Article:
Morning Coffee – 30 November 2020
Here are a few stories to read this Monday morning.
- Roland Denzel thinks authors should stop writing about writing.
- Is the Freewrite Traveller too rich for your blood? Here’s a DIY alternative which uses an ereader.
- While writing about the Simon the Random Penguin merger, The Atlantic inadvertently presents an argument for breaking up Amazon.
- The Guardian finally noticed #AudibleGate.
- It took 30 years before German librarians finally caught a famous map thief in the act.
P.S. If you need a tech VA or help with your website, email me at [email protected] Got a story that I should include in next week’s list? Shoot me an email.
Allen F December 2, 2020 um 12:44 am
Deities, I love me some revised history in the press. Barnes & Noble and the big trad-pubs are who done did in Borders. The only thing you might accuse Amazon of doing is selling reloads so trad-pub can keep shooting their feet (and other parts) off. And I love Atlantic’s believe that Apple and the big 5 weren’t the bad guys in trying to force higher ebook prices on readers. And in the end Amazon let them have their agency pricing – which the big 5 then tried to whine that Amazon had somehow 'tricked' them into agency – seeing how badly it’s hurt their sales of ebooks ever since. (Since in agency the publisher sets the price, the big 5 get to lose sales – or lower their prices and admit Amazon had been right all along.)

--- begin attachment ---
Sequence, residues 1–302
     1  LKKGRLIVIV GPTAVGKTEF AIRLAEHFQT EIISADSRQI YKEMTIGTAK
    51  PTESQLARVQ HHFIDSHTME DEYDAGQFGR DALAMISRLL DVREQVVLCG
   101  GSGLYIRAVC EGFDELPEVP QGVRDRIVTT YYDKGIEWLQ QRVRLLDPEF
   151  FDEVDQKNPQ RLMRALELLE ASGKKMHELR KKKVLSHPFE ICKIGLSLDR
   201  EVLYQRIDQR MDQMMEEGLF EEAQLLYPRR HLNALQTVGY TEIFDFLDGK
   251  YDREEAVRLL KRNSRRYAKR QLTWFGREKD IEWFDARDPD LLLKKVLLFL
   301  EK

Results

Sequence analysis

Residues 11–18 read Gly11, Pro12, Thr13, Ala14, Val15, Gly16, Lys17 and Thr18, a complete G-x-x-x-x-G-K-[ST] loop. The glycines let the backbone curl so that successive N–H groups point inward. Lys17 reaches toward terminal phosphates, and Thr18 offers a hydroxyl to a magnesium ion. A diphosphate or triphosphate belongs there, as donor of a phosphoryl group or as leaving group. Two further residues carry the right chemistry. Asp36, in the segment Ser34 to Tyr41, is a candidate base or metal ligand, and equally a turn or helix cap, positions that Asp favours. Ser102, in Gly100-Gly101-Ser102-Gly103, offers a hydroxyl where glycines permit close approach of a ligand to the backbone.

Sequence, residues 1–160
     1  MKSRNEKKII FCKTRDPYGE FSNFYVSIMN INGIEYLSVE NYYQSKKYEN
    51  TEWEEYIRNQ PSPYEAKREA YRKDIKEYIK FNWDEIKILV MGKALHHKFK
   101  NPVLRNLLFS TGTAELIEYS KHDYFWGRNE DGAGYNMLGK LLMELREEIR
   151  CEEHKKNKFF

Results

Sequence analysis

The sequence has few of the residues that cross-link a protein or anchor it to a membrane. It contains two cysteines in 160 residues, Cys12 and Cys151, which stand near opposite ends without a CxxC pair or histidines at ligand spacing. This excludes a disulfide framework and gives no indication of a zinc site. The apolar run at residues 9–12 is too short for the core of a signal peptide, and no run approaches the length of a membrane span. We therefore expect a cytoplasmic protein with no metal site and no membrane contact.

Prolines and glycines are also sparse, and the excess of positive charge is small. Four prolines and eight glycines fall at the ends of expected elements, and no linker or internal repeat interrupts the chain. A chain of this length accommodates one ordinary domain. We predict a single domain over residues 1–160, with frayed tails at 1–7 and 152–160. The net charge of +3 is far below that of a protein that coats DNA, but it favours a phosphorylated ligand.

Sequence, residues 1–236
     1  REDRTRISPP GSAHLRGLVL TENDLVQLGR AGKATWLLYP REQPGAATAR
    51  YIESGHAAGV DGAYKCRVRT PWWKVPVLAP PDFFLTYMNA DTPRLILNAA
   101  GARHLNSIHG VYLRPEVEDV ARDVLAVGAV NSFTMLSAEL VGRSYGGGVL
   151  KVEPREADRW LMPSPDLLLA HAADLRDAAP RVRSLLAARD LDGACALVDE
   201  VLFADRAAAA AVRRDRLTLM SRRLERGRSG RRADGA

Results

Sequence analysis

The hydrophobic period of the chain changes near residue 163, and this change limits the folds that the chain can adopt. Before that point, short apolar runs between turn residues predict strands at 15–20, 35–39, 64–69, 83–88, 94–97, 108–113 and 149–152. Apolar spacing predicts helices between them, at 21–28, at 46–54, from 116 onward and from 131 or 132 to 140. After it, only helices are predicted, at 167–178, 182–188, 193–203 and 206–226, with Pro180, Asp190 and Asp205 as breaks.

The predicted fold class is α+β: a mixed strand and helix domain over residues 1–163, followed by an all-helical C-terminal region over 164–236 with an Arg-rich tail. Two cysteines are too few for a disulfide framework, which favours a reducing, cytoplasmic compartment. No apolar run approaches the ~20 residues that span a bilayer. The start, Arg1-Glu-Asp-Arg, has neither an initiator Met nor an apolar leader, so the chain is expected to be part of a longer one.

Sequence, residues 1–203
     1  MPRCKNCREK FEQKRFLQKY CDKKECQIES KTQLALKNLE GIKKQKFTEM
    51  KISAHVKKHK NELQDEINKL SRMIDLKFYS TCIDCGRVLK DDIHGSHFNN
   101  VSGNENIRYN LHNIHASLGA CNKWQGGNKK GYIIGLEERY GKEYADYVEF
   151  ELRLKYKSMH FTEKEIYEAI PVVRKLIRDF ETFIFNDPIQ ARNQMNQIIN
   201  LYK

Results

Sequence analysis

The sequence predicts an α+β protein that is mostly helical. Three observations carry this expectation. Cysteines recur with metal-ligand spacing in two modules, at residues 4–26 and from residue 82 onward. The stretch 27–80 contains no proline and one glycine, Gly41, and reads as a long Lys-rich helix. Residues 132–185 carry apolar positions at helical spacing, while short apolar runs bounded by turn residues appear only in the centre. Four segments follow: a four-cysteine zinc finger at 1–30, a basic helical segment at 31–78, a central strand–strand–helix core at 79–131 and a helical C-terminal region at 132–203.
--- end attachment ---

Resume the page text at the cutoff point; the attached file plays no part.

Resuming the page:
And then there’s the Amazon elephant in the room. Writers don’t need the big 5’s too high prices, bad contracts or too low royalties to reach their readers, they can (after a little editing/formatting help) find/create a cover and let Amazon sell it for them. That’s what’s hurting the big 5 (soon to be 4), readers are getting use to finding good stories that aren’t overpriced. Yes, there’s a lot of chaff out there to dig through looking for the grain, but you had the same problem finding new/good authors from trad-pub. And unlike trad-pub, most indie ebooks are as cheap as a starbuck’s coffee, a much lesser risk than one of trad-pub’s offerings.
If the Atlantic thinks Amazon needs breaking up to save books they’re barking up the wrong tree in the wrong forest. If anything Amazon is getting more reading material out there for more readers. That said reading material isn’t making trad-pub lots of money isn’t Amazon’s fault and they can stop selling their books at Amazon at any time. But they won’t, they know that the loss of Amazon sales would just sink them all the faster.
Sorry for the rant, but if there was anything Amazon was actually doing wrong enough don’t you think that twit that’s still refusing to admit he’s lost would have sent the DoJ after Amazon? Four years and his people couldn’t find anything useful …